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Looking to the future of volunteering at the Stroke Association

The Stroke Association exists to support people to rebuild their lives after a stroke. We provide specialist support, fund critical research and campaign to make sure people affected by stroke get the very best care and support to rebuild their lives.

Volunteers play a vital role in a lot of our work, and we are fortunate to have loyal, committed volunteers in all parts of the UK who dedicate enormous amounts of time to our charity. Our 1,200 volunteers are delivering and supporting vital services for stroke survivors, raising awareness of stroke in communities and supporting our fundraising activities.

But we know we’re missing opportunities for volunteering to be doing even more for people affected by stroke. We also think there is more we can do to make our volunteers’ journey and experience even better.

So like many charities post-Covid, we have been taking a fundamental look at our approach to volunteering, going back to some of the most basic questions: why we involve volunteers in our work, how volunteers can be making an even bigger contribution towards our strategy, and what experience volunteers want to have with us.

This work has caused us to focus both internally at our organisation’s ways of working around volunteering, and externally at how we ensure volunteering for us is attractive and positively impactful for those giving their time.

From an internal perspective, it has caused us to really focus on how volunteering can connect meaningfully with our strategy and goals, and become an integral part of our planning – rather than an afterthought or added extra – which would result in volunteers playing a more intrinsic role in our work.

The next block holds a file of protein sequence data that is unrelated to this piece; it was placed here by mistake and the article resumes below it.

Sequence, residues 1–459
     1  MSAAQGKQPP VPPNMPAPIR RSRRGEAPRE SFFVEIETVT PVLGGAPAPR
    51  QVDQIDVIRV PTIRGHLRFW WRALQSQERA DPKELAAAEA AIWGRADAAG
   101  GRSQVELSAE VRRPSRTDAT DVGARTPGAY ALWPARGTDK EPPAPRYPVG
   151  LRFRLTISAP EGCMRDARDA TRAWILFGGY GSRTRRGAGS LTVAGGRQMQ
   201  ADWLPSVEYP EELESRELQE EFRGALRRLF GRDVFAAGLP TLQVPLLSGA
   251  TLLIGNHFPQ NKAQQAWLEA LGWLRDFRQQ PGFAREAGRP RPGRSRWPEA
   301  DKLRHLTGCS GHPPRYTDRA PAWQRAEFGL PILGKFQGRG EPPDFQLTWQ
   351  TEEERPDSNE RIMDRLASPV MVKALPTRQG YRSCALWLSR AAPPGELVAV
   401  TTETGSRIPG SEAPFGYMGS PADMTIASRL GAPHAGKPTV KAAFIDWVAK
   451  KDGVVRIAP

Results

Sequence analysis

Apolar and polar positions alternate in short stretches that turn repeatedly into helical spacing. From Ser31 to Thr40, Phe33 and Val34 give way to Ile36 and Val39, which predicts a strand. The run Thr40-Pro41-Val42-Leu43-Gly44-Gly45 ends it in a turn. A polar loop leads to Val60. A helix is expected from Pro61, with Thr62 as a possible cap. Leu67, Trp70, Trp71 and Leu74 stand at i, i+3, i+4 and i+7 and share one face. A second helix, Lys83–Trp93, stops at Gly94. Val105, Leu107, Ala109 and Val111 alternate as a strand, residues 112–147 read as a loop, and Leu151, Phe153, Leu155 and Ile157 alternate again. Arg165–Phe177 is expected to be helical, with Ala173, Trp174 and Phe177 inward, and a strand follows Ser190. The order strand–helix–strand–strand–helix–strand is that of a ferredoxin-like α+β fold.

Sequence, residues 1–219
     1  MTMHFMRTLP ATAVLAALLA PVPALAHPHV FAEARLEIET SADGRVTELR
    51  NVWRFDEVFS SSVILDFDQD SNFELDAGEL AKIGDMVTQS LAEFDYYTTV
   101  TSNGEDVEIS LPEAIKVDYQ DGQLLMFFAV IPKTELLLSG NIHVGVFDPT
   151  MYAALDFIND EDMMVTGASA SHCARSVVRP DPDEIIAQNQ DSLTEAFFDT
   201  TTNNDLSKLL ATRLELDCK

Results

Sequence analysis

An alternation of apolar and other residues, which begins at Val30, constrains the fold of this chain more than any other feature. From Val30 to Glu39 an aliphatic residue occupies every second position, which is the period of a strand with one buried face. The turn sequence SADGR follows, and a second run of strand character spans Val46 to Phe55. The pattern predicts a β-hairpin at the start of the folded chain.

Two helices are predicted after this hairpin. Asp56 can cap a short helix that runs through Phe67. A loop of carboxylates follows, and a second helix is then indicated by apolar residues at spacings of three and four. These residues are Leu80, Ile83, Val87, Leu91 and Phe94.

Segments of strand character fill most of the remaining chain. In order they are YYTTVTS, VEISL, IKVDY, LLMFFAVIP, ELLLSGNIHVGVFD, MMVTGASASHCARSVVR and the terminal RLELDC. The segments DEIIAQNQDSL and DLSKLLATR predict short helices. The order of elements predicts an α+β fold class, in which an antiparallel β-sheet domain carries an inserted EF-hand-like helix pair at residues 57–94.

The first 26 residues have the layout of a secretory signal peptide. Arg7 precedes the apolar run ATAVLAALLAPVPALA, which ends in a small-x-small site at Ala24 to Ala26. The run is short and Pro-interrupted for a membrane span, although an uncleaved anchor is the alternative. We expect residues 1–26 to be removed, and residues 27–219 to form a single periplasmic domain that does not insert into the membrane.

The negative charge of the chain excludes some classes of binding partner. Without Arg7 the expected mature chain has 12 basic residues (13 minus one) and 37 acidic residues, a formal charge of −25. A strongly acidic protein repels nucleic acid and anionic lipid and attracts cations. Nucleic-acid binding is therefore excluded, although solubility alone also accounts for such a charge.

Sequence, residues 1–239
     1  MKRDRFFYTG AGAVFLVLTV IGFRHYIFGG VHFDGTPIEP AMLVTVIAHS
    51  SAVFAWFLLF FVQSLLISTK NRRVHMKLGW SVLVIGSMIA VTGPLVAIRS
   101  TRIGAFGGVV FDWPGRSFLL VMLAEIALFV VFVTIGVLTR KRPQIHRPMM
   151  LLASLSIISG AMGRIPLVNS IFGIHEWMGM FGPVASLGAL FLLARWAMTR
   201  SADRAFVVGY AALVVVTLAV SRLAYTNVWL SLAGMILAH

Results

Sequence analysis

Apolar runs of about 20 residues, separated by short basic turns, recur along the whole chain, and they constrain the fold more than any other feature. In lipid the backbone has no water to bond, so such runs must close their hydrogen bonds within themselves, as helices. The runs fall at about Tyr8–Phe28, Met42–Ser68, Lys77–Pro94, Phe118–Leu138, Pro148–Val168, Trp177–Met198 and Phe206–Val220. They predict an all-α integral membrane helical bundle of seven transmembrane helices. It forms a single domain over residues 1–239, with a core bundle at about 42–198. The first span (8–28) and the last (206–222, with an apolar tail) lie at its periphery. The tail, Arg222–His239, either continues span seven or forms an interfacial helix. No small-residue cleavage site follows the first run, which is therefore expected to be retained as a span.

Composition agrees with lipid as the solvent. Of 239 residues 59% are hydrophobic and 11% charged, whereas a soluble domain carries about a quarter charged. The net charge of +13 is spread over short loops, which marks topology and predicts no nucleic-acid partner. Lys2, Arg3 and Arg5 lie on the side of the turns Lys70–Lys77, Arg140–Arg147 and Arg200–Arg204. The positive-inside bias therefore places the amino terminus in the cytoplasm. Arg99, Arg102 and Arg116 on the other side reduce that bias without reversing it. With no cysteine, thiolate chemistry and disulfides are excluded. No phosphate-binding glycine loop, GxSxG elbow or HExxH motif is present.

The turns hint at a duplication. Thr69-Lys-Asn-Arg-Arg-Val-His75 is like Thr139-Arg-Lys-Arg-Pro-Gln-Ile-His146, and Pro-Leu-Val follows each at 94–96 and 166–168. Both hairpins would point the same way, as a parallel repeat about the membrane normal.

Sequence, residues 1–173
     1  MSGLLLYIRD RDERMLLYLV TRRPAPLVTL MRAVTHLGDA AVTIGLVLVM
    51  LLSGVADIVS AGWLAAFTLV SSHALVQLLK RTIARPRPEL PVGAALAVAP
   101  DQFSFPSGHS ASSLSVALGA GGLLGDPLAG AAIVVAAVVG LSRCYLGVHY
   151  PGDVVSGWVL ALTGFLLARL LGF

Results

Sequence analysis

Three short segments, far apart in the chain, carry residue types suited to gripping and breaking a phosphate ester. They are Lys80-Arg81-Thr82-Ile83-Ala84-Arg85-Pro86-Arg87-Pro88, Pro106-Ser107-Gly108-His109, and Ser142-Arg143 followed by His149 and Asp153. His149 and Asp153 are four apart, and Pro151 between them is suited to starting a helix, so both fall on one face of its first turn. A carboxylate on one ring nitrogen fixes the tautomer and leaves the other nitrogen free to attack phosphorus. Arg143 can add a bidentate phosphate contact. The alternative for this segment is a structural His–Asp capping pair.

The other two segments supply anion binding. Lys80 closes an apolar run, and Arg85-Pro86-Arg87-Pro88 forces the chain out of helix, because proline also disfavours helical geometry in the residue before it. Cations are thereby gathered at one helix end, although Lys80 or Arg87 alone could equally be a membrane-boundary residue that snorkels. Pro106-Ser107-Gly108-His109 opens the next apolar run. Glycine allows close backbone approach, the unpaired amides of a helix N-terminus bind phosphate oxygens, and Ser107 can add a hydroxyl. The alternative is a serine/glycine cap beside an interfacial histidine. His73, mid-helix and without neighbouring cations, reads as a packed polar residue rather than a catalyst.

From an external perspective, thanks to research we commissioned, we now have a clearer view of who is most likely to volunteer for us, what motivates them to volunteer and what might prevent them from volunteering, as well as insight on what is affecting the experience of our current volunteers. And for volunteering to be successful at ours or any organisation, it’s imperative to consider these perspective in tandem and ensure both are shaping the way volunteers are delivering and supporting our work.

However, what we must also recognise is the power of volunteering beyond our own organisation’s boundaries: with 100,000 people having a stroke every year and 1.3 million stroke survivors across the UK, the challenge of stroke is so great that the Stroke Association can’t do it alone. There is more we can do to help unleash the potential of volunteering in all its forms, in ways that contribute to the cause of stroke.

Our relationships with other charities in the Shaping the Future with Volunteering project have been of real benefit to us through this journey, and we look forward to growing these relationships further as we continue to navigate this work.

John McGlone, People Experience Lead, Stroke Association
8 September 2023